From the greek: purites meaning “of fire” or “in fire”
In Ancient roman times this name was used for several types of minerals that would create a spark when struck against steel. Pliny the Elder described one as being brassy and is almost certainly a reference to modern Pyrite (1)
Chemical formula: FeS2
Concoidal to uneven fracture, usually no cleavage
Color: pale brass-yellow, tarnishes darker with iridescence
Streak: greenish black to brownish black
Most pyrite is close to this ideal composition although sometimes Ni or Co can substitute for Fe in small amounts.
Micro-inclusions of gold or chalcopyrite may be present in pyrite as well
Pyrite normally occurs as cubes although it can also form with octahedral faces which are less common and can form in pairs or twins and these are known as “iron crosses”
Pyrite is known as fools gold because it is commonly misidentified as gold, however in my personally experience pyrite has a brighter and shinnier appearance then raw gold which is a duller yellow when raw (in personal experience) Although this might just be a comment on the samples I have seen and not characteristic of pyrite and gold. My mineralogy book literally says :everyone should read Mark Twain’s Roughing It. On this topic. So there you have it, like you needed an excuse to read Mark Twain!
Pyrite is distinguished by hardness brittle fracture, greenish black streak, and from chalcopyrite by the fact that chalcopyrite is a richer yellow and softer.
Pyrite is the most common sulfide mineral and few hydrothermal are without it. Igneous rocks of almost any composition can have pyrite as well as occurring in metamorphic rocks. Pyrite is also common as fine grains in shale and precipitated from sea water in reducing environments, and coal usually contains some pyrite.
Pyrite is a source of iron and sulfer and is used as a feedstock in the manufacture of Fe bearing chemicals. Pyrite is usually associated with other economic minerals such as chalcopyrite, galena, and sphalerite. Also gold has been extracted from inclusions within pyrite.
In the 16th and 17th centuries it was used as a source of ignition for early types of firearms, most notably the wheellock, where the cock held a lump of pyrite against a circular file to strike the sparks needed to fire the gun. (1)
During the early 20th century it was used as a mineral detector in radio receivers and is still used “crystal radio” hobbyists (1)
It is used to make Marcasite Jewelry (which is NOT marcasite) and its made from small faceted pieces of pyrite and is often set in silver and was popular in the Victorian era (1)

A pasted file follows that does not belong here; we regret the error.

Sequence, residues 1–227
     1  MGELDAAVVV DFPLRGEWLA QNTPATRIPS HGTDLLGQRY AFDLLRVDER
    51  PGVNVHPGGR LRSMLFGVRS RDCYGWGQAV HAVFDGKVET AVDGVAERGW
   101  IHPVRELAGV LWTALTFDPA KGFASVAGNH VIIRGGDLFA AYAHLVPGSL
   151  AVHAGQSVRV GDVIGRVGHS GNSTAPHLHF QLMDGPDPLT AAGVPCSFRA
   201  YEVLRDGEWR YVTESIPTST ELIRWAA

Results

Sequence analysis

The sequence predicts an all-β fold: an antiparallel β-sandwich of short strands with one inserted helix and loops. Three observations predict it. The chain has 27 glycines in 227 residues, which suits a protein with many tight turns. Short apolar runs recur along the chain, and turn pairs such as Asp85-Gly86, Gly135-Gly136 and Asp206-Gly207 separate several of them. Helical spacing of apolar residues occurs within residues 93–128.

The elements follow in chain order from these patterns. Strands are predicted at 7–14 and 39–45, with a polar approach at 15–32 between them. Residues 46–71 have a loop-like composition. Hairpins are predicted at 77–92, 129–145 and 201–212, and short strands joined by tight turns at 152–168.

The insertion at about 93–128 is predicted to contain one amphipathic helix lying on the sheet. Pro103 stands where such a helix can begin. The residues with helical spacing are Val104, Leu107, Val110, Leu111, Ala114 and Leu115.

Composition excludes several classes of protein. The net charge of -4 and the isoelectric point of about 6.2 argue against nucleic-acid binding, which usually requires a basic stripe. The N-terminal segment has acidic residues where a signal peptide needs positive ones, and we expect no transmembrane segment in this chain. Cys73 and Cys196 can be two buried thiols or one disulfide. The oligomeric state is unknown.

environmental impacts of pyrite:
When oxygenated surface water interacts with pyrite, it oxidizes the iron and releases sulfuric acid. This is a natural process that occurs naturally, however, mining and increase groundwater flow into pyrite bearing rocks providing an easy route for this water and thus facilitating the acidification of this groundwater. Older mines in particular have a problem with acidic waters escaping from old portals. This water can be very acidic and carry heavy metals like lead in solution and it poses a real problem when it enters stream systems and can alter ecosystems and be a potential health hazard.
Pyrite can be used as a shield from several forms of negative energy, and simply wearing it activates the shielding and protective aspects. It works on the physical, etheric, and emotional levels.
Pyrite can help keep out the negative vibrations of pollutants on the physical level due to the energy field which it creates within the aura.
Pyrite can inspire the universal energies to activate the nourishing energies of the body, and encourages health intellect and emotional well being.
Pyrite symbolizes the warmth and presence of the sun.
Pyrite can be used to recall of beautiful memories of love and friendship and is also used to help in seeing behind facades and enhance memory and recall of information.
powers: money, divination, luck
Pyrite was used by ancient Mexicans in polished mirror that may have been used to divine the future, and also placed in American Indian shamans medicine bundles perhaps to lend extra energy. In ancient china pyrite was used to guard against crocodile attacks
Due to its color and shinny-ness its used to draw money and wealth and it is suggested that you can place five pieces of pyrite on your alter and surround them with 5 green cancels light the candles and visualize money coming your way to fulfill your monetary needs…
Pyrite can also be carried to bring money and luck, and the “face” or shinny side can be used as a magic mirror to awaken psychic impulses and carried it is a luck bringer.
Cory at new world witchery also adds that Pyrite is used in hoodoo money drawing spells.
(1) Wikipedia page
(2) Introduction to Mineralogy, by William D. Nesse
(3) Love is in the earth, a kaleidoscope of crystals, by Melody
(4) Cunningham’s encyclopedia of crystal gem and metal magic by scott cunningham